- I really like the rule that asks players to talk about the city after the game ends. I think that’s super. It’s not like, the most critical thing in the world, but I think it’s a nice way to cap off a game with a little bit of cooperative winding-down. Everyone gets to participate, you can enforce a “yes, and” rule, and you end up with a little bit of a story about the city you just built train lines for. You could even use it as the setting for an RPG, if you were into that kind of thing, and the whole thing just feels … pleasant?
- I find unfolding the board extremely stressful. I think that’s just that it’s a fairly narrow board and a fairly unintuitive folding scheme. I’m just not used to it and I get worried I’m going to break it every time.
- The box shape is also a wild nightmare, as well. It doesn’t really fit … anywhere useful, for me. Oh well. It’s too pretty to be mad at.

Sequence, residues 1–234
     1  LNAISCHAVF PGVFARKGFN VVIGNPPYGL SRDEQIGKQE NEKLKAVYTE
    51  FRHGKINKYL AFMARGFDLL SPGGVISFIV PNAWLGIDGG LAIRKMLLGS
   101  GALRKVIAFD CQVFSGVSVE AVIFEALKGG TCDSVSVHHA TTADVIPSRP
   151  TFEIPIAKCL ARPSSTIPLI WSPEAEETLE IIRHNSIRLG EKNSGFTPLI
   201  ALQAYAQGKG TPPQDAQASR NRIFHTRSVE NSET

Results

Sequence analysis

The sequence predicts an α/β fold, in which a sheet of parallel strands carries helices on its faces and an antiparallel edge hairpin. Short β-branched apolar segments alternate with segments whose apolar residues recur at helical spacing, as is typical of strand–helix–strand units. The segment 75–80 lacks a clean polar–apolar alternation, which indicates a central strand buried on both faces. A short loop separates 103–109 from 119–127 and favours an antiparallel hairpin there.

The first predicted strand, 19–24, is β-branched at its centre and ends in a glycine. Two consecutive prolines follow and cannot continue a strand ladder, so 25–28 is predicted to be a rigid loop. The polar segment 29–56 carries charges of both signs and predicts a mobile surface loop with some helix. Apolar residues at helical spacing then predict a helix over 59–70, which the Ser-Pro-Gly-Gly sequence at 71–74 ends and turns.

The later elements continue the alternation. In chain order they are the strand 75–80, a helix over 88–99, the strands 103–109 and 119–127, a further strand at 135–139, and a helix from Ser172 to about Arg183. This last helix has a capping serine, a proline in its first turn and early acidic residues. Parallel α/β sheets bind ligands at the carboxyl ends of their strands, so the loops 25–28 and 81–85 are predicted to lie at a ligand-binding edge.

- The scoring is often so tight that one or two points can mean the difference between winning and losing. Sometimes it just comes down to where you placed early in the game and that being a mild mistake, which can be a bit annoying. If you’re tactical, you can often make placements work for you, but sometimes you make a split-second decision that can edge you out of the couple points you need to win. That can be a bummer!
- That “only one line can connect two stations, even if the routes are different” rule will mess someone up pretty badly in your first game. It’s extremely hard to remember practically, even though it’s so simple! The key issue is that players tend to see routes as different if they take different paths, even if they connect the same two stations. And that’s not correct. Two routes are “the same” if they connect the same two stations, and that’s not allowed. Even so, this will almost certainly cause problems in your first game for at least one player unless you’re very explicit about it. It’s just a bit abstract and consequently hard to conceptualize for some folks (myself included).